what did we use: pattern blocks and an oversize book (and play Sleeping Queens)

With J1 out of school all week, I've plenty of opportunity to use the activities that I'd listed in advance of our math party. I particularly wanted to try the second of my pattern blocks challenges:
Pattern Blocks Activity B: needs pattern blocks and a large pillow to block the view.  With a friend, take turns making a secret design and verbally describe it to the friend to tell them how to replicate it.
J1 was reluctant to humor me, since he wanted to play Sleeping Queens (all day long, as it turned out). However, when I explained what I wanted to do, he got more interested, saying, "ah, we've done this at school before, it's easy." I was about to set up half a pillow fort to use as  screen to block his design when I realized we had inherited a gigantic (roughly 1 meter tall) book about mummies that was perfect.

J1 set up a design and then started describing it to me and I asked questions when I didn't understand.  Here are the two patterns,

So we got pretty close, thanks primarily to his use of the word "tessellate" to describe shapes that fit snugly together. You can see that we each took for granted the orientation of the top green triangle. J1 didn't tell me which way to point it and I didn't think to ask.

Then, I went behind the screen and put together a fish about to chomp some square orange food, but our communication was really poor and J1 made the design on the bottom:

We got interrupted, otherwise I would have liked to try a couple more times in each role.  In the afternoon, I got a chance to do it again with J3. Not surprisingly, he went for a more complex design than he could describe, including a slightly innovative orientation for the orange squares. He was having trouble giving me instructions, so we ended up with him just rebuilding the original in front of me. In any case, he'd used more than half our orange squares, so we couldn't do a faithful reproduction.

Incidentally, the second design above is what he put together when he was playing with the blocks on his own afterward.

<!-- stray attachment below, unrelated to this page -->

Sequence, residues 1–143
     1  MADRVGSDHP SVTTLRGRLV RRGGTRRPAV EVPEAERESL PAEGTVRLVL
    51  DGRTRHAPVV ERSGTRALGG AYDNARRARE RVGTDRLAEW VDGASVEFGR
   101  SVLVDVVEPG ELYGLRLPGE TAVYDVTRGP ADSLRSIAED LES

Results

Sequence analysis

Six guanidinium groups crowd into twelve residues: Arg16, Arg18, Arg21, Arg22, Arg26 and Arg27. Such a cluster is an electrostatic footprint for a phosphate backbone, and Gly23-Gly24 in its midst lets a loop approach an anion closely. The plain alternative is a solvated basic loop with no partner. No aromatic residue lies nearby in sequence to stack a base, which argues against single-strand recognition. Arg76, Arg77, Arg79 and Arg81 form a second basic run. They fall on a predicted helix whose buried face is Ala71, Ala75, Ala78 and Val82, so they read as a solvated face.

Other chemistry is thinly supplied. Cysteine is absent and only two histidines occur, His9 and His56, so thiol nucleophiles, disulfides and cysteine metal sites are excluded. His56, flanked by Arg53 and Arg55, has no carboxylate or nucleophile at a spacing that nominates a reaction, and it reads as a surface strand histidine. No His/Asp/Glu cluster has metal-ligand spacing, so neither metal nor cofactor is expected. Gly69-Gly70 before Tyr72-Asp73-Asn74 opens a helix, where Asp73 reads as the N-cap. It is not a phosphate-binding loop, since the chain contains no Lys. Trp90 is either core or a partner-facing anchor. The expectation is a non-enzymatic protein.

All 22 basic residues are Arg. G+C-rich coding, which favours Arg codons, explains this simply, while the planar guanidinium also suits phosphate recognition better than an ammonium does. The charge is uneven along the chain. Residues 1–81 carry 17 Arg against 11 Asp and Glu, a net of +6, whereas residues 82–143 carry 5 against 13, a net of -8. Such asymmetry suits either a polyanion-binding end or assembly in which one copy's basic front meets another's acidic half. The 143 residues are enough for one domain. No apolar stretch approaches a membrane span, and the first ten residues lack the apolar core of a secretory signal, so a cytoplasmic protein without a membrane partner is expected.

My lessons:
I really liked this pattern activity.  First, it gives a semi-natural reason why they might care about some basic elements of math such as number and shape. Those form some of the basics for explaining what pattern they've created.  Similarly, it is a natural place to start introducing angle measures and concepts like parallel and perpendicular.  When I am describing my designs, I try to use a full range of vocabulary and encourage them to ask about any words they don't know.

Second, like the flexagons, it is a mixed math, art, and language activity.

Third, this was something the kids found engaging but challenging, so it seems like the right level for their current abilities.  In general, it is hard to find things that fit like this.

Sleeping Queens

Finally, the game Sleeping Queens loomed over our day.  One of the friends had brought and left it yesterday for the math party. J1 had played it at school and was really excited; left to his own devices, he would have played continuously and it really was the last thing he did before going to sleep. By the end of the day, J2 was also playing along (and winning). I have to give it a positive endorsement on their enthusiasm alone, but I do have two caveats: for our small children, they feel they are being attacked when someone steals their points (a standard part of the game play) but the game seems to simple to suit older children (and certainly won't be much of a mathematical experience for them).

Baby pictures
Just for amusement, here are some snaps by J3:
Does the Pharaoh approve our pattern design?

Our future coconut crop?

## Monday, August 4, 2014

### Math party (and flexagons!)

Who: Baan Pathomtham First Grade Class+J3
When: 9am - 2pm
Where: our house
What will we used: see below
Why: oh why, oh why? (actually, it was fun!)

First, thanks to all the kids for being so friendly and polite.  Thank you for leaving everything tidy when you left, though that was under a mother's supervision and probably not surprising.  What did amaze me was when Tanya stopped everyone from rushing to eat a snack and you all went right away to collect the toys/games/crafts.